Shame exists within all of us.
He sat across from me, it was clear he was feeling ashamed. “I have to tell you something about myself ,” he said, “and I don’t want you to judge me—I want you to help me.”
He explained how at work he would randomly pick a person and walk by and whisper, “Shame on you, they know!“
As he walked away he would turn around to see the person’s reaction, and it was always the same: confusion and bewilderment, followed by worry, then fear, then panic. He could see their deep shame and fear and it gave him some pleasure.
His story made me cringe, but it also taught me some important lessons about shame.
Lesson one: Shame Exists:
Shame is a source within us all. Shame can stem from the belief that we are not good and we are unworthy. It keeps us stuck in ourselves, feeling the pain. It makes us reject ever finding our true self or knowing who we are. This is the fate that resides within us if we live with shame.
Lesson two: Shame and Blame:
Shame fosters the belief that we are to blame, and that we are utterly powerless in our circumstances. Identifying our shame helps us take responsibility for our mistakes without believing we are the mistake. One must learn to be kind and compassionate towards themselves and to have a heart for their own imperfections.
Shame tells us we make mistakes because we are a mistake.
Lesson three: Shame That Binds:
Shame binds us when it stays unresolved, shame attaches itself to all our emotions and creates havoc with our feelings. If we want to heal, we have the responsibility to liberate ourselves from our shame with empathy and care. Sometimes we may feel worse before it gets better, but when shame is looked at closely it can free us to be the person we are meant to be without being ashamed of who we are.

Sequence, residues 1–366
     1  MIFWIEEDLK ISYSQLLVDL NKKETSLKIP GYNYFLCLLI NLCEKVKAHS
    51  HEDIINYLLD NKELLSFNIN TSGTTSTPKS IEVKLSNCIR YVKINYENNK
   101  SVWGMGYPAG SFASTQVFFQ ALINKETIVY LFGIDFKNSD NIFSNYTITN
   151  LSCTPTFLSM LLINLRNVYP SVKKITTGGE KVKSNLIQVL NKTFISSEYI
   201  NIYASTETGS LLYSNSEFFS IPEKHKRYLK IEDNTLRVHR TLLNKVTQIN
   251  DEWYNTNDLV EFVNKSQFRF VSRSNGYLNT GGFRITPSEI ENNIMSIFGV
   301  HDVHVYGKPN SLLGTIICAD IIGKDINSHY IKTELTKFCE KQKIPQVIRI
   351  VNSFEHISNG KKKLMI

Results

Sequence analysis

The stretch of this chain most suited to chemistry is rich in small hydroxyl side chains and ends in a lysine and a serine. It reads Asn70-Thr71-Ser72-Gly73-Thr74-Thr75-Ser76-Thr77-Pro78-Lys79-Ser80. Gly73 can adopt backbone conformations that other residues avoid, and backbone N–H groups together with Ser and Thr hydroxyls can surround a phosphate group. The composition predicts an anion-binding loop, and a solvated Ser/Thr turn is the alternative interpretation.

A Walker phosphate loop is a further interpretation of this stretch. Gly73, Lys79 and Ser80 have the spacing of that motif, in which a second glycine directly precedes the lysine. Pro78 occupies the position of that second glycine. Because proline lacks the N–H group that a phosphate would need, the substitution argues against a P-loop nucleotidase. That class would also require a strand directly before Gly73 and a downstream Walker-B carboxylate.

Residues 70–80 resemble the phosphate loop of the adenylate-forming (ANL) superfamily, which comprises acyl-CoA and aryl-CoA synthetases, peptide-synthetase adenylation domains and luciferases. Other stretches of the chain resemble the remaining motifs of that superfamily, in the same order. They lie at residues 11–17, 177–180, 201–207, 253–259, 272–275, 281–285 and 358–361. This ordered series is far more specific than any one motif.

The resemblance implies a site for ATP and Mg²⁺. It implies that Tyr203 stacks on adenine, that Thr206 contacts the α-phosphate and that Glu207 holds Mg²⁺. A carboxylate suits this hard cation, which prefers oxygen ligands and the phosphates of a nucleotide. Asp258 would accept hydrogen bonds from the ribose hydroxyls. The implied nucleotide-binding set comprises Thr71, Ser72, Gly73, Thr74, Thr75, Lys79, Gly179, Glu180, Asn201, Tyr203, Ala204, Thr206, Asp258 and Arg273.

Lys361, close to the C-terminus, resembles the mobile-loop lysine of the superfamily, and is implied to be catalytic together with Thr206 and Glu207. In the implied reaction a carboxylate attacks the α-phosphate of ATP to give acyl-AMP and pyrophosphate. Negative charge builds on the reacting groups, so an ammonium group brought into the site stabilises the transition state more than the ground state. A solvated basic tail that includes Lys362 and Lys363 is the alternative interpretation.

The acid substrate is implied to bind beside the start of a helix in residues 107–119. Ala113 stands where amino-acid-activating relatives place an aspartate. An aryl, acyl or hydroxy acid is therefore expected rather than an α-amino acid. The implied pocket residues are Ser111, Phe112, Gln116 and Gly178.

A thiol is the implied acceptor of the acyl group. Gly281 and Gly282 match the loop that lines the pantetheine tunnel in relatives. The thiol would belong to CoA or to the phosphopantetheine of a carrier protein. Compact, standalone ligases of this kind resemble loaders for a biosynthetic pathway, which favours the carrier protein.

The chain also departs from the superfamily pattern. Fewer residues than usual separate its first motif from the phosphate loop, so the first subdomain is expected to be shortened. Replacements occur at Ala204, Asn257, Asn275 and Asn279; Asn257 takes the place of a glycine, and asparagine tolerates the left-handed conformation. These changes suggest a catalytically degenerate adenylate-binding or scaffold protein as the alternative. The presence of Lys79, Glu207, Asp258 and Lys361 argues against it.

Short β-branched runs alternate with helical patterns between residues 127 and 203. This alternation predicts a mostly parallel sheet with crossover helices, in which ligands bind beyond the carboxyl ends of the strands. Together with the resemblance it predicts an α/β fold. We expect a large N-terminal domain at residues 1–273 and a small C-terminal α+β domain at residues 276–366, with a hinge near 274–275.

Choosing ourselves over our shame gives us an chance to choose life.
Lesson four: Shame and Fear:
When shame is laced with fear, it gestures to us that we are in danger and it keeps us feeling ashamed. Facing the fear loosens the grip of shame by helping us understand that our shame is not everything we are and it does not cloak all that we do. Knowing that we can deal with our secret begins to take the weight off.
Lesson five: Shame and Transference:
Shame on you is really shame on me, the ones causing us pain are wounded themselves. Sometimes we look for someone to blame for our suffering, and those who really hate themselves transfer their hurt to lessen their pain. Be kind to those who have hurt you, because they too are hurting. (And if you are experiencing these feelings yourself, please seek guidance, mentorship, and help.)
The ones causing us pain are wounded carriers of shame.
Lesson six: Shame Exposed:
Shame is like a wound—if it is never exposed, it will never heal. Discharging shame releases the toxicity of the emotional pain that causes suffering. If we can share our shame with someone who responds with empathy and understanding, shame will cease to take hold of us. Shame cannot survive if faced with understanding and compassion.
Shame derives its power from silence. It drives us towards our limitations.
Give yourself permission to put a stop to shame. If you keep your head down out of shame or fear, you miss the heart of what truly matters.
Lead From Within: Shame exists within all of us. Do not be ashamed of asking for help; find a safe person to share one of your shameful parts of yourself and lead yourself away from self-defeating attitudes.
Artist: Davit Mirzoyan
Of Lolly’s many awards and accolades, Lolly was designated a Top-50 Leadership and Management Expert by Inc. magazine. Huffington Post honored Lolly with the title of The Most Inspiring Woman in the World. Her writing has appeared in HBR, Inc.com, Fast Company (Ask The Expert), Huffington Post, and Psychology Today, and others. Her newest book, The Leadership Gap: What Gets Between You and Your Greatness is being released by Portfolio May 2017.